Telling a story: from the creator’s of South Park

September 9, 2011

 

In this video clip, courtesy of Andrew Sullivan, Matt Stone and Trey Parker of South Park talk about how their writer’s room works. Their two steps are just as valid as you design your talk or outline a grant proposal.

Step 1 is random brainstorming. They use a huge whiteboard to jot down scenes and situations they think would be funny. At this point its all about getting down the ideas. Structure comes later.

When your designing an essay, take a notebook and pen and just scribble down things you think should go in. Don’t censor yourself too much. If it sounds interesting, it probably is. Without compelling bits, you won’t have much.

Step 2 links the ideas together. The classic formula for South Park is three Acts, strung together make a show. How do they recognize which bits go together? It’s definitely *not* Act 1, and then, Act 2, and then Act 3. Act 2 can’t just follow Act 1, it has to be introduced. They way they put it, it’s Act 1 therefore Act 2 but Act 3. That’s when Matt and Trey know they have something interesting.

When you’re presenting a seminar, you don’t want the first thought in their mind “why did they put that slide there?”.  You want, instead, to create a tension. In the seconds before you hit that clicker, create the anticipation of your next slide. Likewise, in the introduction to a paper, the best writers make sure that each paragraph is foreshadowed by the one that came before. For example…

There is increasing evidence that the globe is one really gynnormous turtle. What we think of as mountains are the ridges of the turtles shell. When we see flat plains, we are seeing the smooth plates, arching subtly to the horizon. Valleys are, of course, the sutures between the plates. Our turtle world hypothesis is complete and consistent with known facts as presented by geologists. Astrophysicists, on the other hand, have raised the logical question as to how “Turtle-earth” is suspended in known space.

Here we present the hypothesis, backed up by Hubbell satellite photos, that it is “turtles all the way down”….

Remember its all about…


An academic’s short guide to achieving balance

September 9, 2011

From the website of the amazing artist Andrew Goldsworthy

Over the coming weeks we will be covering a number of overlapping topics, all toward the goal of making graduate school more fun and useful. This week we will focus on time management, next week on how to read the literature, and the week after *that*, a bit on writing, particularly grant writing.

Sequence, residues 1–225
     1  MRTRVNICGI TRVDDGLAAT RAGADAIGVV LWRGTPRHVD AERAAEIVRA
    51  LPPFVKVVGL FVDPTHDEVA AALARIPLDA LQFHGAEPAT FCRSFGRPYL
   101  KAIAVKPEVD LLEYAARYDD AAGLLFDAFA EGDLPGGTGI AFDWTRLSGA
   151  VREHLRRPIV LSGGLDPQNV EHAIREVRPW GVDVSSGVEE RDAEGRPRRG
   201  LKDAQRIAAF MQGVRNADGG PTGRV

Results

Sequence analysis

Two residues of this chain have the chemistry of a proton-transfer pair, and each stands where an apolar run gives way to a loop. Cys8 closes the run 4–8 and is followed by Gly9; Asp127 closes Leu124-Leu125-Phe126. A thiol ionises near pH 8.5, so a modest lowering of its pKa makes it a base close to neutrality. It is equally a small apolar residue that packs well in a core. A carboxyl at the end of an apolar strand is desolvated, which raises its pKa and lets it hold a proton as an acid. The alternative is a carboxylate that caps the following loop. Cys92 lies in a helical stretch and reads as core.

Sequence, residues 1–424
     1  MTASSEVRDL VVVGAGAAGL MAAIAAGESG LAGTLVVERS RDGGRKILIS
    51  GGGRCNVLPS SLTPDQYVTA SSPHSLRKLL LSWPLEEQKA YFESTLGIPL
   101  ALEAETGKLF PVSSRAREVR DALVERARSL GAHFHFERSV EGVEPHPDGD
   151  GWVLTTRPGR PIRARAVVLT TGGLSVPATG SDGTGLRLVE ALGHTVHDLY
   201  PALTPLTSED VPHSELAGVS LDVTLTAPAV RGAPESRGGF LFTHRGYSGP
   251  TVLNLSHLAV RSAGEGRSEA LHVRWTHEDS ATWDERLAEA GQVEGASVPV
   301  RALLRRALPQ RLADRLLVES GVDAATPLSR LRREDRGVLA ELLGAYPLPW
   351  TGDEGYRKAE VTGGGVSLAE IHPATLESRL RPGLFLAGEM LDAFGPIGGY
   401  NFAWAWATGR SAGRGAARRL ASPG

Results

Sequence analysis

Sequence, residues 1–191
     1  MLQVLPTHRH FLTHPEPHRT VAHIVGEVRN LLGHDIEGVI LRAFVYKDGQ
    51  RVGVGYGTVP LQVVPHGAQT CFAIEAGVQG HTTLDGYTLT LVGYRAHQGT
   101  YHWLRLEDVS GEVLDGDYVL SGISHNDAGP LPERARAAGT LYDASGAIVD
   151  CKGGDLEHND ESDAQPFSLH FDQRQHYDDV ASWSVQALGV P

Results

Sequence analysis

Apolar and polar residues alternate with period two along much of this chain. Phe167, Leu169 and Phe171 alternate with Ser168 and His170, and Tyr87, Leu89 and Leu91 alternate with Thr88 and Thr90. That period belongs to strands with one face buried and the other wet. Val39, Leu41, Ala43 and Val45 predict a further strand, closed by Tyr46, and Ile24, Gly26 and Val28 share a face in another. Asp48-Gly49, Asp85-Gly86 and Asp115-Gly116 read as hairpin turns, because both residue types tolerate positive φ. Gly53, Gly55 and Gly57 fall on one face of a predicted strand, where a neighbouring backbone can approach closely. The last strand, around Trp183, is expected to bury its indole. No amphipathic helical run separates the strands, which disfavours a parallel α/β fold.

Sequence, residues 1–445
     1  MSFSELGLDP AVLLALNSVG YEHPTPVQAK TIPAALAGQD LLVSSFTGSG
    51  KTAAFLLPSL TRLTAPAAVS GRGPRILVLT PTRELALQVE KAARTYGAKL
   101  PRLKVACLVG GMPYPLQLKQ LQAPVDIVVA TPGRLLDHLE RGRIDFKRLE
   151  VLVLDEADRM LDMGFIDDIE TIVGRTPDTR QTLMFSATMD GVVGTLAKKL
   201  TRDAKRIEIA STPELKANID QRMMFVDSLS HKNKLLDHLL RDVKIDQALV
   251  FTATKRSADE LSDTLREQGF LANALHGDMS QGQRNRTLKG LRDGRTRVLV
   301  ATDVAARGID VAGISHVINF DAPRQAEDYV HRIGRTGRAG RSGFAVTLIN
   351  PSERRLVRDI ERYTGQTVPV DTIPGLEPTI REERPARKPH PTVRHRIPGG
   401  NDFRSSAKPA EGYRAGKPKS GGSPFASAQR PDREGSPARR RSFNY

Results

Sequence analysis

Luckily, as this blog has been around, off and on, for five years, we have some blogposts to mine on the way toward introducing new stuff (and updating the old). So check out these five oldies but goldies.

  1. If we want to achieve balance, we have to articulate what we are balancing. For that, see The Five Uber Skills of Academia .
  2. Every day we find ourselves encountering a long list of things we would like to do. Each has its own timeframe; each its own difficulty and reward. To get some sense of how you can begin to organize those tasks, and immediately feel better about yourself, read Getting Things Done: getting started. 
  3. How do you keep track of all the things you want to do? I am a big fan of The List–one big outline you open at the beginning of the day that remains parked on your desktop until you power down at the end of the day. We’ll have more to say about it over the week.
  4. OK, as we move from strategic (big picture) to tactical (simple tools) let’s tackle one of the biggest hurdles between you and a productive day: email. Here is a simple set of rules that allow you to master email, not the other way around.
  5. Finally, one of the single most encouraging developments in the past decade for academics is the evolution of Second Brain Software. It contains a link to James Fallow’s introduction of software that allows you to achieve a mastery of your reprint collection.  Things have come some way since this post (one of the first on the blog) Fallow’s is still one of the best introductions I know.